Combine math, writing and art into a fun math project. Encourage math talk between partners as they work together.
1. Use addition and subtraction within 100 to solve word problems involving lengths that are given in the same units, e.g., by using drawings and equations with a symbol for the unknown number to represent the problem. 2.MD.B.5
2. Use addition and subtraction within 100 to solve one‐ and two‐step word problems involving situations of adding to, taking from, putting together, taking apart, and comparing, with unknowns in all positions, e.g., by using drawings and equations with a symbol for the unknown number to represent the problem. 2.OA.A.1.
- White construction paper
- Drawing materials
- Writing paper
Step 1- Instruct students to draw a map of three or four buildings with a path or “street" in between. (See illustration). Students should not put numerical values on the roads. Encourage neatness and use of color. Use the ruler as needed for straight lines on buildings and roads. Label the buildings.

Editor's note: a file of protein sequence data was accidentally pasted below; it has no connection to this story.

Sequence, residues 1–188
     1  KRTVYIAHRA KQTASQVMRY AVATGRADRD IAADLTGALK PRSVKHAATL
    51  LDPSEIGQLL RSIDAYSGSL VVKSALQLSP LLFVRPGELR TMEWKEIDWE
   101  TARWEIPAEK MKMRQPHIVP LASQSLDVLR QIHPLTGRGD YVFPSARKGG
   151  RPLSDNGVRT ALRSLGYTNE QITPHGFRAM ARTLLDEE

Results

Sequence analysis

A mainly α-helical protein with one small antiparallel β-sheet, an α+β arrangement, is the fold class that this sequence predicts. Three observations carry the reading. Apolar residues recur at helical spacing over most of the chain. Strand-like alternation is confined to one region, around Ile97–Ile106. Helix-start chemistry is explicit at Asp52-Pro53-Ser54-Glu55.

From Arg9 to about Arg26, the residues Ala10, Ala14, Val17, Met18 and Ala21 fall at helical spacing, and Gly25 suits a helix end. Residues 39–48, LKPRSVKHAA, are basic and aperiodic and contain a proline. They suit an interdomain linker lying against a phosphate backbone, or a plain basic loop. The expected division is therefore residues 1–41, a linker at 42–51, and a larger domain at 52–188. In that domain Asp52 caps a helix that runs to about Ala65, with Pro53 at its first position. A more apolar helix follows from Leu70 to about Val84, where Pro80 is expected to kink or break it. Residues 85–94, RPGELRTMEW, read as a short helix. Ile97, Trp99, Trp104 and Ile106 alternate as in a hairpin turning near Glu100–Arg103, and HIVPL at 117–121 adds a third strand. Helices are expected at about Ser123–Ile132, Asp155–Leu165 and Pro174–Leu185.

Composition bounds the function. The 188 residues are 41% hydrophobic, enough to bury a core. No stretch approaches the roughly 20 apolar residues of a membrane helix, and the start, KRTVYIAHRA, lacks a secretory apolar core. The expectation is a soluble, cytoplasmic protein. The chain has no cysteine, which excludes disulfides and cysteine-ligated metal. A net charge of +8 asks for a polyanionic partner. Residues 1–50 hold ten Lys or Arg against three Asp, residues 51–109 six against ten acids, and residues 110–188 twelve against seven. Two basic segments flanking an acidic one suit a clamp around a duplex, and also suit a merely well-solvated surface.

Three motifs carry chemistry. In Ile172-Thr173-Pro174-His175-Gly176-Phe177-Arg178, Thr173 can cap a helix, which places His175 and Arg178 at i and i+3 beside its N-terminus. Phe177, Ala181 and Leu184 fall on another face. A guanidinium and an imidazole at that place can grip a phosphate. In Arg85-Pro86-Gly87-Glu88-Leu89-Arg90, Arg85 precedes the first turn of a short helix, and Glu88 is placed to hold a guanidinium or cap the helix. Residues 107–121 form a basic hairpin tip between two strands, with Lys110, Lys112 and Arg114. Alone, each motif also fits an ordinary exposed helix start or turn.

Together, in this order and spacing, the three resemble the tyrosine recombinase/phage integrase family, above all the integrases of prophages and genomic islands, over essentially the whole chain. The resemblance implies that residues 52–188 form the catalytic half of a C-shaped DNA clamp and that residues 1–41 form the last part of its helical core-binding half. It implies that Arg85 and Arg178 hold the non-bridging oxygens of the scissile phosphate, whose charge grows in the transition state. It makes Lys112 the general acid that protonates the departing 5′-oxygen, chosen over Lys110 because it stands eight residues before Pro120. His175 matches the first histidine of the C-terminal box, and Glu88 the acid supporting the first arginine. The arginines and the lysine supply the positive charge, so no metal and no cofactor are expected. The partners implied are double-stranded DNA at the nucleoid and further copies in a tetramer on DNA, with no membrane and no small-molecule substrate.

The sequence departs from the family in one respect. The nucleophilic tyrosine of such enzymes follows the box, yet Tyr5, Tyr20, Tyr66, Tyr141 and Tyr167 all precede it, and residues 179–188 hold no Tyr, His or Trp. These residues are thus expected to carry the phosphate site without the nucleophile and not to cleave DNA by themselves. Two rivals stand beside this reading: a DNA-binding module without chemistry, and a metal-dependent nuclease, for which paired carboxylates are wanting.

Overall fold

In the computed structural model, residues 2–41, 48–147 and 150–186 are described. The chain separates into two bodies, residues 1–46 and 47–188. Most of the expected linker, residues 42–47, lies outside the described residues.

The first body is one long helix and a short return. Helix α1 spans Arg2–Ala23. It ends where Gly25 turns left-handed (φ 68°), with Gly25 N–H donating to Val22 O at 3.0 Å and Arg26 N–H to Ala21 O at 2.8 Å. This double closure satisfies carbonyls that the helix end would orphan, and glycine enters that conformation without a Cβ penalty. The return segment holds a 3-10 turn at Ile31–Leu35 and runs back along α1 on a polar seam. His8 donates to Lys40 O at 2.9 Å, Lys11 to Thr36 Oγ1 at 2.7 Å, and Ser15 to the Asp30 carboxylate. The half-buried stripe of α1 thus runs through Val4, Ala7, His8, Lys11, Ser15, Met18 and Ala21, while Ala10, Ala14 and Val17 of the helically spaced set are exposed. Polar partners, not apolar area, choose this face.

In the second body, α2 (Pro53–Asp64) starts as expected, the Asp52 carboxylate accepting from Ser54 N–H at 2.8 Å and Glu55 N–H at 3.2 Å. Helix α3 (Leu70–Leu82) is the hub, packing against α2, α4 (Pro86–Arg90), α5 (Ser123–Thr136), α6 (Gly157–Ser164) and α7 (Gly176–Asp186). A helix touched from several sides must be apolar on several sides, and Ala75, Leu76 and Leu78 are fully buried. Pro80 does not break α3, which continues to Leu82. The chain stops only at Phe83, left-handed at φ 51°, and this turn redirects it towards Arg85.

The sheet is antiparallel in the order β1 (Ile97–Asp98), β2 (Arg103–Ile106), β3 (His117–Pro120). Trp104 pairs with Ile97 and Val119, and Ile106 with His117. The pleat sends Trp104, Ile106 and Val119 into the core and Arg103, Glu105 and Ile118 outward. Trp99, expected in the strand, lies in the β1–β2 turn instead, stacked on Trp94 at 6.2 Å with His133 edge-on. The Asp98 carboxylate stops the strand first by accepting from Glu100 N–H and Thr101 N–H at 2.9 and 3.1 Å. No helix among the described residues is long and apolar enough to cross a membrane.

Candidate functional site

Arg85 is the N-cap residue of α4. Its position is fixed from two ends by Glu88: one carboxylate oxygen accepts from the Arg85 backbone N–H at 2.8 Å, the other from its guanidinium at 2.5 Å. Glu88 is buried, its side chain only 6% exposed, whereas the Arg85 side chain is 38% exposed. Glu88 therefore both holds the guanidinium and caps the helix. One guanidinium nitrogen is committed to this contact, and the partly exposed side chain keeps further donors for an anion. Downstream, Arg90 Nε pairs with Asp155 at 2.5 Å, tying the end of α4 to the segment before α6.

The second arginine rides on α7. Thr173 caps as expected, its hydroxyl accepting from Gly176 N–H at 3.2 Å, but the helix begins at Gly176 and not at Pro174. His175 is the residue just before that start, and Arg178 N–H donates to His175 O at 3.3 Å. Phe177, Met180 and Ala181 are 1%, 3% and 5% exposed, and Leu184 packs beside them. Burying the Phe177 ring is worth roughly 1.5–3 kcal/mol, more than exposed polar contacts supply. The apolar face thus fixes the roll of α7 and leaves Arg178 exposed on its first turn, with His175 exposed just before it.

- Step 2- When completed, the teacher will add the numerical values for the distance between the buildings. Use a variety of numbers so that everyone’s maps will be different making sure to stay within 100.
Step 3- Gather the students around you and draw three buildings and a quick map on the board. Ask students to suggest a word problem. Examples might be:
- I walked to school and back home. How far did I walk?
- How much farther is it to walk to the playground than it is to walk to school?
- Tuesday I walked to the school and then the playground and then I walked home. Wednesday I just walked to school and back. How much did I walk all together?
- Step 4- Write a suggested word problem on the board. Then write the equation to match it. Show examples of addition and subtraction and two-step word problems.
- Step 5- Return maps to the students. Pair students together. The students will trade papers and write a word problem on the writing paper about their partner’s map.
- Step 6- Trade papers again and write the equation that solves the problem. Encourage students to talk to each other about how they decided on the equation and the answer. Take time for each student to write two word problems about the partner’s map.
Schaffer, Frank. Singapore Math Practice 2A. Carson-Dellosa Publishing LLC, 2009.